By Patricia KaowthumrongUganda

About Susanna Park

School: University of Denver
Hometown: Thornton, CO
Involvements: Invisible Children, HELP International and New Life Mission Church
Quote she lives by: “Keep doing the things that you’re passionate about, then you’ll end up right where you need to be.”
Susanna in three words: Bringing Sexy Back or Work In Progress
Hobbies/interests: Photography, music, travel, eating, animals, human rights, movies, arts and dance
Dream job: Good question. If there’s a job out there that is a morph of NGO, law enforcement, and medical, please let me know.

Although 20-year-old Susanna Park is only a third-year student at University of Denver, she already has two humanitarian trips under her belt. And she’s far from finished pursuing her passion to “serve and love the global community.”

“To realize how small I am compared to this world is a great thing to realize,” Park says. “Simply put, to realize how little you know is a step closer to knowing more. As I meet new people and continue to experience life, my faith in God has given me a humble perspective and a desire to serve and love the global community. Ultimately, to think of myself less and to think of others more is a daily challenge.”

Park, who is Korean, is a Colorado native studying international studies with a concentration in international development and health, as well as a concentration in international organizations and security and human rights.

“I want to be a world-changer,” she says. “However that happens or whatever that looks like, I believe that if I keep doing what I love, I’ll end up where I need to be.”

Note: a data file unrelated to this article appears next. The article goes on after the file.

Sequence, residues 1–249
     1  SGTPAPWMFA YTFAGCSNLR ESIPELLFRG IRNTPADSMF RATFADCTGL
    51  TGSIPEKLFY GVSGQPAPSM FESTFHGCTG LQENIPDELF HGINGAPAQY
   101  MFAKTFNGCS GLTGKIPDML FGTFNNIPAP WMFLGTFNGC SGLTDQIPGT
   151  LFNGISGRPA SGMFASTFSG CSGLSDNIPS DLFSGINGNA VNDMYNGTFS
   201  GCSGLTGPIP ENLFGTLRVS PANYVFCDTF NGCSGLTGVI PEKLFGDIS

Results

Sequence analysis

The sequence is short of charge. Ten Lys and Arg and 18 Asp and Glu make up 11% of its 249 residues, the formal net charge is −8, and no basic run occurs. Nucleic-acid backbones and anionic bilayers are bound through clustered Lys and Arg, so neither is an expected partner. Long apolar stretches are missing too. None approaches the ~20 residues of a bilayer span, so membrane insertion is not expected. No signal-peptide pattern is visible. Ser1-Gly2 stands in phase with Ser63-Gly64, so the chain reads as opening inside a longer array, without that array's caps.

Park won the “School for Schools” challenge through the Invisible Children organization. As a result, Park was given the opportunity to join fellow winners in other U.S. regions on an all-expense paid trip to Uganda to visit schools they raised money for and meet the faces and builders of Invisible Children in Uganda.

This year, Park traveled to Fiji through an organization called HELP International that sends teams out to countries such as Thailand, India and Uganda to work with locals to solve issues related to business, health or education. Because Park has an interest in health, she worked with the Ministry of Health in Fiji.

“Several other volunteers and I went to schools and villages and conducted focus groups on topics like diabetes, physical activity and tobacco,” Park says. “We then took these results and compiled a report that we took back to the Ministry of Health.”

Park says Uganda was the best experience of her life, but she also hopes to travel to Mali, Kenya, Thailand, India, Cambodia, and Japan over the next few years.

Fiji2“Going to Uganda has opened up my eyes to the beauty of a community rising up from the ashes of war, and to the true value of human relationships,” she says.

Park says she looks up to her sister, Esther, who is currently acquiring her doctorate in psychology. She is also inspired by the Asian-American community.

“As an Asian-American, I have a supportive community that empowers me as an Asian-American women to dream big,” Park says.

“To experience what it is like to be a minority has educational value. At the same time, the prejudice against minorities is hurtful and an unfair experience. However, I am blessed to have friends, family, and educators that have made me realize the value of the human life, regardless of sex, race, sexual orientation, etc.”